Wednesday, September 22, 2010

Adams County: Barr Lake & DIA Owl Loop

September 22, 2010

Richard Stevens:

What a beautiful fall day in Colorado. Winds were calm to mild all morning. Temperatures started out in the low 50s and stayed in the 70s well past noon.

At civil twilight (6:00 am, when they open), I started by walking the main road from the Visitor's Center to the old governor's row at Rocky Mountain Arsenal. Primarily listening for owls, I would have enjoyed a sighting (did not happen). No owls were heard today in that area. In the far distance, a Great Horned Owl called from somewhere around the Visitor's Center.

I drove the DIA Owl Loop on the way to Barr Lake (Adams). Two Burrowing Owls were along Picadilly Road (between 128th and 120th avenues).

At Barr Lake, I walked the main road/path from mile marker 0.0 to 0.5, then returned and went north to the boat ramp, mm 7.8. I returned to my car by way of the shoreline.

The area inside the Niedrach Boardwalk loop was quite birdy. Forty or so birds kept me busy trying to identify them all. The best were a Brown Thrasher, 2 Lincoln's Sparrows and 2 House Wrens. Thirty or so Wilson's Warblers were joined by an Orange-crowned Warbler.

Back in the northern direction, the woods 0.1 mile north of the banding station was also quite birdy. At mile marker 8.6, a flock of birds included a Cassin's Vireo, 11 Yellow-rumped Warblers, 2 Orange-crowned Warblers, a non-male Blue Grosbeak, a first year Black-headed Grosbeak, 4 Wilson's Warblers, a Ruby-crowned Kinglet and Chipping Sparrows.

Continuing north, another loose flock of birds at mm 8.3 included 17 Yellow-rumped Warblers, 2 Orange-crowned Warblers, 9 Wilson's Warblers, and a Townsend's Warbler.

Shorebirds were few, 6 Baird's Sandpipers, 1 Sanderling and a Willet (west of the point jutting into the lake from the banding station. I was a few days or weeks late for shorebirds; the mud was covered with little shorebird footprints.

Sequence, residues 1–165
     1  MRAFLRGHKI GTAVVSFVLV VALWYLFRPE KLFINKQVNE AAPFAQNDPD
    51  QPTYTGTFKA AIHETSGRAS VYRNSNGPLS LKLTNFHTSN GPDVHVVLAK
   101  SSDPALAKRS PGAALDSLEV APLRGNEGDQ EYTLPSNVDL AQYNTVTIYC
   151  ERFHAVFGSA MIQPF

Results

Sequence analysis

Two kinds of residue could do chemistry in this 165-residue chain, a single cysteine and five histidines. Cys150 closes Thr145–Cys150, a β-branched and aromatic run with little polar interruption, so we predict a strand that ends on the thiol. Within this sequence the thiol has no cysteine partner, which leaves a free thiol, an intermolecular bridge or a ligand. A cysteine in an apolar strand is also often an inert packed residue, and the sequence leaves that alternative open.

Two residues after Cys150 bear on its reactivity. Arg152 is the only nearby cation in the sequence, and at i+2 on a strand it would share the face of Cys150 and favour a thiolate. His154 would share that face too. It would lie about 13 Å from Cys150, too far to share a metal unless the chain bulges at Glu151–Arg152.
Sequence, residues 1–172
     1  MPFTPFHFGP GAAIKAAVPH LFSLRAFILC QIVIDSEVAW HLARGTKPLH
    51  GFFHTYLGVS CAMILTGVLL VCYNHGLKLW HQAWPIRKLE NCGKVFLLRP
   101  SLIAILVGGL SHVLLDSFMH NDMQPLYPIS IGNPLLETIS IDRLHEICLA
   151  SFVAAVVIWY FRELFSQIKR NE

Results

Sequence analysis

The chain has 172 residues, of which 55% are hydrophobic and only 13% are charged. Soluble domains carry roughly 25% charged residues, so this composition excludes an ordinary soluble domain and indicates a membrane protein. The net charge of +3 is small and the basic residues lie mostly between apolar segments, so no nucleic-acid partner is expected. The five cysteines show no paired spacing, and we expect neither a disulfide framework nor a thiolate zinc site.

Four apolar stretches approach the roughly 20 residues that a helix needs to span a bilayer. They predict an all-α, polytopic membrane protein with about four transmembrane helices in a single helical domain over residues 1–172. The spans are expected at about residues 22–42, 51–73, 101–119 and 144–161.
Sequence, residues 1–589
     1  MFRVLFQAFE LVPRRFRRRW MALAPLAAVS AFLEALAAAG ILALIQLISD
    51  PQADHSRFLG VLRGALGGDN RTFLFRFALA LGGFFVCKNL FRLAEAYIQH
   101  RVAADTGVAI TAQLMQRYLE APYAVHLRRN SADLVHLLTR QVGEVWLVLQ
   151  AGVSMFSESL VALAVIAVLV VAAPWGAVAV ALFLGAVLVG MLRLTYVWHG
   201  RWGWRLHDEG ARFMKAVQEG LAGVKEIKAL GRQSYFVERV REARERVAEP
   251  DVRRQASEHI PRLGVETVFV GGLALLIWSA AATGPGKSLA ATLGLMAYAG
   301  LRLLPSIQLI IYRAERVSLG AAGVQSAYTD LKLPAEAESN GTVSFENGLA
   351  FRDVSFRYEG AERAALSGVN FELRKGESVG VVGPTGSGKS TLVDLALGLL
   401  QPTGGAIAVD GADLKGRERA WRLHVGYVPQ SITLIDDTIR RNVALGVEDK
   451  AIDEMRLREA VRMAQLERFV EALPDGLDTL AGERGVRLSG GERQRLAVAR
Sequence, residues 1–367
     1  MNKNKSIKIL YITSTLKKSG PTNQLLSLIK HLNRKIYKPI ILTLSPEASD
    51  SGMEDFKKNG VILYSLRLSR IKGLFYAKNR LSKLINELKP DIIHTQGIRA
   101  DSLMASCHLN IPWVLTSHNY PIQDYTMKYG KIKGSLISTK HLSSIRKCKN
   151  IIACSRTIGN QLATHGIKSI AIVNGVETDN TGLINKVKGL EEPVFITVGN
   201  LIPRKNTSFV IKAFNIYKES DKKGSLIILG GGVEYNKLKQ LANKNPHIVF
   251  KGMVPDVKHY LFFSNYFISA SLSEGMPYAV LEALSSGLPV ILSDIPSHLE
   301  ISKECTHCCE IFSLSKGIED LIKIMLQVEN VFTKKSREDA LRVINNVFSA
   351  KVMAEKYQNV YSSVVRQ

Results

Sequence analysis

Ourside the park, I looked for Great-tailed Grackles at the feedlot just south of the Picadilly Tree Nursery (152nd avenue and Picadilly Road). None were around today, however more Eurasian Collared-Doves then one would want to see were there (60+, I did not bother to get an exact count).

On the way to lunch, I again drove the DIA Owl Loop. Two Burrowing Owls were at the east side of the power plant at 128th avenue and Powhaton. Another two Burrowing Owls were at the site 3.4 miles east of Tower Road & 96th avenue; with a third pair at the site 0.3 miles north of Tower Road and 56th avenue.

At the Power Plant, a flock of 9 Clay-colored Sparrows walked along the near fence line. Hundreds of Vesper Sparrows came out of the field covered in sunflowers, east of Powhaton and south of 128th avenue. I also identified a dozen Brewer's Sparrows and one or two McCown's Longspurs (along 128th avenue at 0.5 miles east of Picadilly Road).

When I turned the corner at Trussville Road and 114th avenue, 37 Swainson's Hawks stood on the fence around the Airport Gas Tanks. Quite a sight, I soon saw why. Another 112+ Swainson's Hawks were in the field, east of Trussville, between 112th and 109th avenues! A few more were scattered along the Owl Loop.

At the prairie dog village, 3.4 miles east of Tower and 96th, the two Burrowing Owls were maybe "brave". Two Swainson's Hawks, three Red-tailed Hawks and a Ferruginous Hawk stoop around them.

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